We got a preview of exactly what some of those complex questions and what-if scenarios might look like in the story itself. For one thing, our human protagonist, John Kennex, has a synthetic leg, meaning that a conflict between humanity and technology is a theme literally embodied by the series protagonist. “[Kennex] still has a problem with the line between humanity and robotics, or synthetics,” says Wyman. “He’s a little bit worried about the advancement of technology and where that’s led humanity and what the world looks like with this onslaught of new developments and unchecked growth with technology.” But, he adds, on a more optimistic note, “the journey for him []is that he’s starting to realize it’s not the technology that’s bad; it’s how you use it.”

The series also promises to tackle the important subject of ethics. When one creates artificial intelligence, there arises the obvious question of defining what should be considered alive or human. Wyman gives an exciting preview of this issue as well, mentioning the ethical questions that their consulting MIT roboticist (and doesn’t that sound like it came out of an Asimov novel?) helped them develop as they worked on the show: “Those concepts of what exactly is a robot?  What is an android?  What is a being?  If it’s able to think, if it’s able to be, then what?” Sentient robots may be a long way off from our reality, but in the story, we get a glimpse of that future, where, as Wyman says, the robots “are definitely robots, not human.” However, he hurries on to add “They’re not becoming human, but they’re definitely becoming beings.”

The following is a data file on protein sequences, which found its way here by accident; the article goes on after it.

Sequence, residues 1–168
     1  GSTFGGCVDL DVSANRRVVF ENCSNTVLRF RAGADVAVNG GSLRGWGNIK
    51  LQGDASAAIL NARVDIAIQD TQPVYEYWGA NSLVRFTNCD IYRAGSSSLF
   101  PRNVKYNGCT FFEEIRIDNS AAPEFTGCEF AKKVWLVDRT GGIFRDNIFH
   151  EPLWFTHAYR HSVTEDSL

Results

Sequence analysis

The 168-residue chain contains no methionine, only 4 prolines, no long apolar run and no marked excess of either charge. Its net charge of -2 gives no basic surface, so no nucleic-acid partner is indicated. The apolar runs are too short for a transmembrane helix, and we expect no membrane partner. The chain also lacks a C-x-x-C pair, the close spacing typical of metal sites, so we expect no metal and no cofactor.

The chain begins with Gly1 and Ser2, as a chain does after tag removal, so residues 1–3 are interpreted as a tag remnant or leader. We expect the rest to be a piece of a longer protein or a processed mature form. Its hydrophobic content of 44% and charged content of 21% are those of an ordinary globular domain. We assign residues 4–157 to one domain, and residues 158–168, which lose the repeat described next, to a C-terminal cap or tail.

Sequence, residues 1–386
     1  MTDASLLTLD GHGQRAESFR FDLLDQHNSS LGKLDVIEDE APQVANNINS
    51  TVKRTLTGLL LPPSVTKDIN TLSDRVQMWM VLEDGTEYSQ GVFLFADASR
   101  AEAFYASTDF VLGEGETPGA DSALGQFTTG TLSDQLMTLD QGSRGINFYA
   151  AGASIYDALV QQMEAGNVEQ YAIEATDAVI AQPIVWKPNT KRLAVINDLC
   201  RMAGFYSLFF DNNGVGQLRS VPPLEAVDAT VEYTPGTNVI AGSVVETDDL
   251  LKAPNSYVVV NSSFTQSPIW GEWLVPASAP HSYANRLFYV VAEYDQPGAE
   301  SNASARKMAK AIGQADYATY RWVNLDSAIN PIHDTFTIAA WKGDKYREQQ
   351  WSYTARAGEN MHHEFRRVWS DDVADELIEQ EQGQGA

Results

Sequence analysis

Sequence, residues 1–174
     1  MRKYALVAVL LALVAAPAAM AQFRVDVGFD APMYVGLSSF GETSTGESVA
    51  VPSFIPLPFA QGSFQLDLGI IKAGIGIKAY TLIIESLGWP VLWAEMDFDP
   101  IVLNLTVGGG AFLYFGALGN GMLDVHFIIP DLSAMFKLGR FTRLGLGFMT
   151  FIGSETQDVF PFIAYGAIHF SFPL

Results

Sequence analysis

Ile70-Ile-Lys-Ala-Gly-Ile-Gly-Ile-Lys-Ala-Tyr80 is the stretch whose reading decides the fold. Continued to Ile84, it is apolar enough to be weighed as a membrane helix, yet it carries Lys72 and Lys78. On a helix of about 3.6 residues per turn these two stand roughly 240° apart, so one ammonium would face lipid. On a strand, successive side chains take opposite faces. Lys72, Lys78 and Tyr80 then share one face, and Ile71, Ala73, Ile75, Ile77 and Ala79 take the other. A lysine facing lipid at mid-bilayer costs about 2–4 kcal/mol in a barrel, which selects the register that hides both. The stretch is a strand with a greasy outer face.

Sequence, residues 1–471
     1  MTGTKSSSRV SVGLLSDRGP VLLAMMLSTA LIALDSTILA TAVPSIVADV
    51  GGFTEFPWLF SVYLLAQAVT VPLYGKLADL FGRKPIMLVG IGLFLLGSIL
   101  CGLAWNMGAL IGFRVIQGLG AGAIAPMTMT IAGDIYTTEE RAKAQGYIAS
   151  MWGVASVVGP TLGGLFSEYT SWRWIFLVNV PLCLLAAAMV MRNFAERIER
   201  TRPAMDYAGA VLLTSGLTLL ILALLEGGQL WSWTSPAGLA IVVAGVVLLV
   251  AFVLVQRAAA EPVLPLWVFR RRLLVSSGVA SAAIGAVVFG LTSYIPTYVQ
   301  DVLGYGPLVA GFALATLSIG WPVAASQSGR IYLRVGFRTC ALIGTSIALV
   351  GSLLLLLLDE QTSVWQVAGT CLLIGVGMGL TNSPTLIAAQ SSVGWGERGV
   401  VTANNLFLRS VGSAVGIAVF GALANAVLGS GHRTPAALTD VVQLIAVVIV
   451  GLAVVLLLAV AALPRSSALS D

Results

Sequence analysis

But, besides its potential to touch upon some thorny issues of 21st Century society, the show also promises a phenomenal assortment of actors to add entertainment to the intellectual stimulation. Wyman practically gushed about the contributions made by the two leads, Michael Ealy and Karl Urban, as well as the supporting cast.  “We knew that fundamentally they were right for the roles,” he insisted, “but just who they are, and what they bring to it, and what they’ve examined now having these roles as actors, and what they dug into, has just made the show that much more rich and provided us with a lot of opportunities and avenues that we didn’t even dream of.”

In addition, the story promises both humor and optimism; in keeping with the ideology of that other great science fiction show, Star Trek, Wyman describes his – and the series’ – conception of the future in similarly hopeful terms.  “[W]e will have some hardships as a human race and it will be difficult at times, but ultimately, we will persevere because that’s truly what I believe,” he offers.

Which is all to say that, at this moment in time, Almost Human sounds like it has a lot to offer, from a compelling story and interesting characters to ideas and hope. With that in mind, I can’t wait for the birthday present that it’s sure to be (and yes, Fox has picked a pretty perfect premiere date for that). Let’s just hope that it lives up to all the expectations.

About Anastasia Klimchynskaya

My mind rebels at stagnation. Find the rebellious thoughts of that constantly racing mind at my blog, Monitoring the Media.